Mood Indigo (2013) | Michel Gondry’s French romantic fantasy has a big heart

Mood Indigo (2013)

Romance and tragedy collide in this French fantasy drama from Eternal Sunshine of the Spotless Mind director Michel Gondry, who puts a personal spin on Boris Vian’s 1947 novel L’ecume Des Jours (aka Froth on the Daydream) about an idealistic man of means, Colin (Romain Duris), who meets and marries the quirky Chloé (Audrey Tautou), only to have his world fall apart when Chloé discovers a water lily is growing on her lung.

Mood Indigo (2013)

Set in Paris in an undefined time period (although its heavily inspired by Gondry’s memory of the city in the 1970s), Mood Indigo (which gets its name from the 1930 Duke Ellington jazz tune) is a joy to watch and listen to from beginning to end – even if you aren’t familiar with Vian’s much-loved post-surrealist comedy (it comes in at number 10 in Le Monde’s 100 Books of the Century). But it is a plus to have someone French on hand to get all the cultural references – like the character Jean-Sol Partre being a spoonerism of existentialist Jean-Paul Sartre.

Mood Indigo (2013)

The absurd visuals are wonderfully inventive: a doorbell turns into an indestructible millipede; a piano becomes a musical cocktail maker; colourful dishes of meat, fruit and veg dance, jump and squirm when touched; then there’s the weirdly erotic Biglemoi dance that is straight out of a 1930s Silly Symphony cartoon. And they all serve to breathe life into Vian’s anarchic source material, which has been filmed twice before and also served as the inspiration for an opera.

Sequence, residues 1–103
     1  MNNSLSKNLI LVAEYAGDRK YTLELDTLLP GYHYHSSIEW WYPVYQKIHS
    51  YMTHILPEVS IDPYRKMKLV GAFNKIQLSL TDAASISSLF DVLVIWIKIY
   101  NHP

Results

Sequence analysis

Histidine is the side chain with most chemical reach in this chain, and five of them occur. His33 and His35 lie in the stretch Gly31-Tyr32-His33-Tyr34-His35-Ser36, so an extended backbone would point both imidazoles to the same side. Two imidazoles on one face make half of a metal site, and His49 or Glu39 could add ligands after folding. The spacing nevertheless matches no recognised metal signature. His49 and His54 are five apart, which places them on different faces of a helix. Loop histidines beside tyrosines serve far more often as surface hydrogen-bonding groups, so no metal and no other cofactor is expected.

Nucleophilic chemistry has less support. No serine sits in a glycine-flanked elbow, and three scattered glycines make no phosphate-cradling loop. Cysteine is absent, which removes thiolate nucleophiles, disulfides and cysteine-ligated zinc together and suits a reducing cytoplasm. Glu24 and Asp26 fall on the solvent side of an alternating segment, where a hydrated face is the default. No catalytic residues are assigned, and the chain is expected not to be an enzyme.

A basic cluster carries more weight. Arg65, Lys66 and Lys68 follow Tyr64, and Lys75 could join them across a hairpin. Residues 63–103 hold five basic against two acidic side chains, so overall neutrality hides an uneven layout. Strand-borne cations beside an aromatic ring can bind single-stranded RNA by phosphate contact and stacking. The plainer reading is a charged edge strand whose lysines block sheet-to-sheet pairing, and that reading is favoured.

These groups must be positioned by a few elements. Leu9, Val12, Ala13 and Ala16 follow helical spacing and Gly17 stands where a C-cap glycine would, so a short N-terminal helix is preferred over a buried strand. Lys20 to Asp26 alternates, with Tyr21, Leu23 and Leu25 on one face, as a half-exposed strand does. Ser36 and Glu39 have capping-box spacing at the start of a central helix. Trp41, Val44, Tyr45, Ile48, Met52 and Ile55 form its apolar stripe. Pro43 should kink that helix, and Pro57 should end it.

Mood Indigo (2013)

But unlike it’s whimsical counterpart, 2001’s Amélie (which famously launched Tautou on the international scene), it’s not all fun and froth for this boy-meets-girl love story which turns morbidly monochrome when Chloe’s sickness takes hold and the couple’s apartment literally falls apart before their very eyes. Think La bohème as made by the Brothers Quay. The film’s fatalistic themes stay true to Vian’s novel, while most of the narrative also stays intact, including the parallel storyline about the Partre-obsessed Chick and his girlfriend Alise. Colin’s pet mouse, however, does get a reprieve (he commits suicide in the book) and provides the film with a colourful glow of hope in the closing scenes.

Mood Indigo is out now on DVD and Blu-ray in the UK from Studiocanal


About Peter Fuller

Peter Fuller is an award-winning print, radio and television journalist and producer, with over 30 years experience covering film and television, with a special interest in world cinema and popular culture. He is a leading expert on the life and career of Vincent Price and actively promotes the actor's legacy through publications, websites and special events.

Posted on November 26, 2014, in Avant Garde, Must-See, World Cinema and tagged , , , , , , , , , , , , , , . Bookmark the permalink. Leave a comment.

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